In the fall, when all of these come back fully rested and full of pep, the government is going to propose 'reforming' the general health benefits system. I think we are going to have a warm fall in France.

Metropole's 'Partners'

Having slept through the Dot-Com boom and bust and hemming-and-hawing for 18 months, Metropole finally goes completely commerce-crazy with this week's introduction of its 'Partner' page.

A good old boy - garçon! - from the 14th arrondissement named Cyril Toullier is making his way in the tough jungles of advertising in New York, by bringing publications about Paris and France together with advertisers, who may have interesting messages for you.

My part of the idea is to put them all on their own page, instead of scattered throughout Metropole. This way you can consult all offers all at once. And you won't need 'Flash' for any of them.

Occasionally Cyril will be sending special offers, exclusively for Metropole, for you. The 'Partners' page is where you'll find them. For example, right now I have 20 Avis rental car upgrade coupons. With onephoto: bar le victor hugo of these, instead of getting a Twingo you can rent a one-size bigger Peugeot, for the same price as the Twingo. See the page for details.

Metropole's older affiliates are also on this page. The Café Metropole wine is also mentioned on it too, with a link to its own permanent About page. During the past week a couple more states kicked out their restrictive import rules, making the wine a bit easier to get.

The second bar open in Malakoff on Saturday.

In case you are thinking of giving this 'Partners' page a big miss, think again. Every week I get one photo that doesn't logically 'fit' in anyplace. From now on, it goes on the 'Partners' page, as the 'Photo of the Week.' Unlike everything else in Metropole, this photo will only be on view one week before being replaced by the a new 'Photo of the Week.'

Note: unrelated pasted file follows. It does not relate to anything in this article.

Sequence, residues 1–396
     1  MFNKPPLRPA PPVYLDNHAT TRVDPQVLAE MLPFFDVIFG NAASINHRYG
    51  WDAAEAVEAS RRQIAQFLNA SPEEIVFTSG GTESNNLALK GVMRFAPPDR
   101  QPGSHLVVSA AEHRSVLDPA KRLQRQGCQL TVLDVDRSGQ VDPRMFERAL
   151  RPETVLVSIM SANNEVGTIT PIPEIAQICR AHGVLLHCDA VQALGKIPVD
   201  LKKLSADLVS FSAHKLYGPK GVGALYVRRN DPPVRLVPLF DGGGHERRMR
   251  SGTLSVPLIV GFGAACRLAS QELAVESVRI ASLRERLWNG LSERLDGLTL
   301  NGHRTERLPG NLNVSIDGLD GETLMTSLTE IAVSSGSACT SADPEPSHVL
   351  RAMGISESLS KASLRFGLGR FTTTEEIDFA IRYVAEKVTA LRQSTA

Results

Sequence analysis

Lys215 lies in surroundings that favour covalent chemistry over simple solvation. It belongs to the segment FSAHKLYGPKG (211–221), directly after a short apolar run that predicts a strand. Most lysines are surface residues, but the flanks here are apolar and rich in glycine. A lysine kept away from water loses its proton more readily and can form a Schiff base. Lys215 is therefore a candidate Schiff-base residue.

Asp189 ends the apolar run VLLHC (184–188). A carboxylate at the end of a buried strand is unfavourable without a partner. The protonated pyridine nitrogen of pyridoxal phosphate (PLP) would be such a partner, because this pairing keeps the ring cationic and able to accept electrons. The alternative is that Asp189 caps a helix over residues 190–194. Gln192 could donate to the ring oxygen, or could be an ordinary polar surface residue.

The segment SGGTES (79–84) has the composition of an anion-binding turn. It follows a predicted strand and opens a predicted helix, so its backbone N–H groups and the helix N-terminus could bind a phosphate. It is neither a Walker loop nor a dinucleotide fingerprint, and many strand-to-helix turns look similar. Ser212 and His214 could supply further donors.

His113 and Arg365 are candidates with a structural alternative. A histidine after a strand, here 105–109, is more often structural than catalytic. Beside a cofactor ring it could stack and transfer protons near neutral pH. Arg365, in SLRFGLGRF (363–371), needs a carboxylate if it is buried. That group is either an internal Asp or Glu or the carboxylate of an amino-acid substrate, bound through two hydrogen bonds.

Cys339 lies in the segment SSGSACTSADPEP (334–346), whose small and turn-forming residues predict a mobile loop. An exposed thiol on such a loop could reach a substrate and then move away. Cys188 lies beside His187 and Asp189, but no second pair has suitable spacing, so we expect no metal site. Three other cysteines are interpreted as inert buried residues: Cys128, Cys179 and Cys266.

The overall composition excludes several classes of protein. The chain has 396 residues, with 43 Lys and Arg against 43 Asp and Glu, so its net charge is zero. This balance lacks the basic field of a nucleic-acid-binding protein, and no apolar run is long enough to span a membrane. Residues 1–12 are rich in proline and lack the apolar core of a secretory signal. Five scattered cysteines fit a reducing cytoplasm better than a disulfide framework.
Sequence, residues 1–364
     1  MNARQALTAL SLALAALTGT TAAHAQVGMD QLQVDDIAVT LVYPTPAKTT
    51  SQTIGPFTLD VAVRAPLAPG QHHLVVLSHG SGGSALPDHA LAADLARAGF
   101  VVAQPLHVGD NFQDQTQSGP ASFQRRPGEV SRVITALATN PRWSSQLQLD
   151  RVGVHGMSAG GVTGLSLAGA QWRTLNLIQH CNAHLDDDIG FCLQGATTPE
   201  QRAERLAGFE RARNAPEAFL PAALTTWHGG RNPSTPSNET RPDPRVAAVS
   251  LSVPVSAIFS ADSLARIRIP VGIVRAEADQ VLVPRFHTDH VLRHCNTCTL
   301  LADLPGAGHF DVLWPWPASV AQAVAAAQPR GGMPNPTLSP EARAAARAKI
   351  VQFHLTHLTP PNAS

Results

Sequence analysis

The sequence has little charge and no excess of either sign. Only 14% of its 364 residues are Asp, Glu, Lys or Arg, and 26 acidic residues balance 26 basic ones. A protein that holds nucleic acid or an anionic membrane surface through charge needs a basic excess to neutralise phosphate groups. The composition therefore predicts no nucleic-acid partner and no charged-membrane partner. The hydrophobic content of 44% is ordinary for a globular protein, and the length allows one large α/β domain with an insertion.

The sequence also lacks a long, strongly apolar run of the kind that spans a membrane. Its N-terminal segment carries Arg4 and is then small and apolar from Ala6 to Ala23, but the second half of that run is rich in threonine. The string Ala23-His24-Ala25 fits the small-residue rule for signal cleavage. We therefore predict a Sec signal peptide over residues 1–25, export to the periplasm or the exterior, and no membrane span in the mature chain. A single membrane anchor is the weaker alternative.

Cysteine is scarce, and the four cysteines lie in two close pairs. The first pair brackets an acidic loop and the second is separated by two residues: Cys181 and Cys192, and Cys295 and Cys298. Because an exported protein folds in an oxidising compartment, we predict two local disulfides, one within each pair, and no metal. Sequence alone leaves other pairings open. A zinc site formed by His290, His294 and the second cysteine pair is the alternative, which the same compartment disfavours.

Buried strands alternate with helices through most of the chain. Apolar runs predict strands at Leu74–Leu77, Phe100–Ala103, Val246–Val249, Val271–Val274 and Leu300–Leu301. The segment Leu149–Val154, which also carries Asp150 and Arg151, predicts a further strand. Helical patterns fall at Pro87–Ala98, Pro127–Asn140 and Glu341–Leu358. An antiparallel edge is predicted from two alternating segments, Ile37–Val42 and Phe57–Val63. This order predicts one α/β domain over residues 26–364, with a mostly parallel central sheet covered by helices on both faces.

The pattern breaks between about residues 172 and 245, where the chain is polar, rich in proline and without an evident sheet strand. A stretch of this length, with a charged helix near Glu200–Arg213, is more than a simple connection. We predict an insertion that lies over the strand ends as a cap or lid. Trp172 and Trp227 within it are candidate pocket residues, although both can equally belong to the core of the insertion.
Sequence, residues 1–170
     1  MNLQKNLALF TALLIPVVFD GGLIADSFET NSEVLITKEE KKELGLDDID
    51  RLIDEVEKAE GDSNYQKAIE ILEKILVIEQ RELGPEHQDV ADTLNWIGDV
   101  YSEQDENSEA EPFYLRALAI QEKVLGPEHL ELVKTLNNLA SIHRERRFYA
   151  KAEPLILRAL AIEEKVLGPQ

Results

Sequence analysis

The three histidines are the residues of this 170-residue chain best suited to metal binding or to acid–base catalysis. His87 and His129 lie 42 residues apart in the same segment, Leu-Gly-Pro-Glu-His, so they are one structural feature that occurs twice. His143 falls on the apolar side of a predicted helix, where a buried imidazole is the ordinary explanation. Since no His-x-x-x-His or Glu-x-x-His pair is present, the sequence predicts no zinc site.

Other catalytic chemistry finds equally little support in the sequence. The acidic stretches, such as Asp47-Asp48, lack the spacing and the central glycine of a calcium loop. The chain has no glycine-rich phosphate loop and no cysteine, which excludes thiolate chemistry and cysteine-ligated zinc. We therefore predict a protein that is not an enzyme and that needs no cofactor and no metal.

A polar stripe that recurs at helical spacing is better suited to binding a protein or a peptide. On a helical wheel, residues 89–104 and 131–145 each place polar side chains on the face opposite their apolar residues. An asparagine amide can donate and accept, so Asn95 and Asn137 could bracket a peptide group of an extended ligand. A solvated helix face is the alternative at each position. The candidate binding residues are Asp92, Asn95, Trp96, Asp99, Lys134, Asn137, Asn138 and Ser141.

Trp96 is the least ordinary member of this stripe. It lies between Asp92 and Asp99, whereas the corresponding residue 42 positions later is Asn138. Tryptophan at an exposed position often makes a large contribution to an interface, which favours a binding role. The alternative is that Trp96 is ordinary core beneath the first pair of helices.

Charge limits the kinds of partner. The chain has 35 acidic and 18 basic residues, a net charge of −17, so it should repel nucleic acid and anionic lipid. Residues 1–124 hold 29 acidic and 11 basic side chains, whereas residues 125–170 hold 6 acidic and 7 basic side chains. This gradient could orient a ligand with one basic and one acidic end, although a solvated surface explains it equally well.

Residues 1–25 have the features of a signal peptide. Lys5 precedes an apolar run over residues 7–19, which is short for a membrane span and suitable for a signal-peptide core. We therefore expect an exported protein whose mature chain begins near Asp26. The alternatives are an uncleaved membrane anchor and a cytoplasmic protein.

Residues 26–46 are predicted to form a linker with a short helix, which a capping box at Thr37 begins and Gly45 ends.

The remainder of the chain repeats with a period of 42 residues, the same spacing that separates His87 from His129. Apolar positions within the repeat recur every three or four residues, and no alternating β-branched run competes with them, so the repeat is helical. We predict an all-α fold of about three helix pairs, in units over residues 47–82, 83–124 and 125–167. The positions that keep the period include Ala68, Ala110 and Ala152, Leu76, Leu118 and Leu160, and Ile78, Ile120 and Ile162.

'Paris Life - No 11'

Laurel Avery writes again in this issue, about the good old life of weekend château-living. She wonders, as so many have, how the French manage to eat so much and stay so slim. As far as châteaux go, the answer is fairly simple.

As soon as the guests leave, everybody returns to a diet of bread, wine and radishes, if they are in season. The problem for me is I have no handy country châteaux in Paris to photograph and I didn't see any in Malakoff. Laurel suggested I take pictures of fruit instead, and then she flew off to Santa Fe.

The good news is, she promised to send reports from Santa Fe's châteaux. She didn't say anything about photos of them though. In this issue see 'Weekend 'Jaw Cramp' Yum!'

Metropole's 'mailto:' Change

Please read the following, again, with more than your usual attention. The new email address for 'Ric,' 'Ed,' and the Café Metropole Club's secretary is henceforth It may be ugly, but most of the time all you need to do is click it wherever you see my name, and a ready-to-go email form pops up.

To be on the safe side, even if you never intend to write, make a note of it and maybe put it in your address book. For doing this, I promise that if you never do write, I will not reply.

If case you have not read this important note carefully, do not worry. I will repeat it one way or another 3498 times. I know this is unnecessary, because the Nigerian business-lady formerly married to the nation's top swindler, has found the new address - it took four whole days - and continues to offer me, confidentially, zillions of dollars.

'About' Café Metropoleô Blanc de Blanc

The Café Metropole Blanc de Blanc sparkling wine can now be ordered online through thephoto: old building, barnMoonlight Web site. It is really real thanks to Allan Pangborn, its maker, Metropole reader and Cafe Metropole Club member.

Could be, but probably not - a wine cellar in Malakoff?

Now that online ordering is possible, you will also be able to read the ongoing story of the wine on the Moonlight site. On this end I've added an 'About Metropole's Wine' page that will tell the entire history of the story, plus it has the same link as the URL above so that you can place orders easily - which I hope you will do.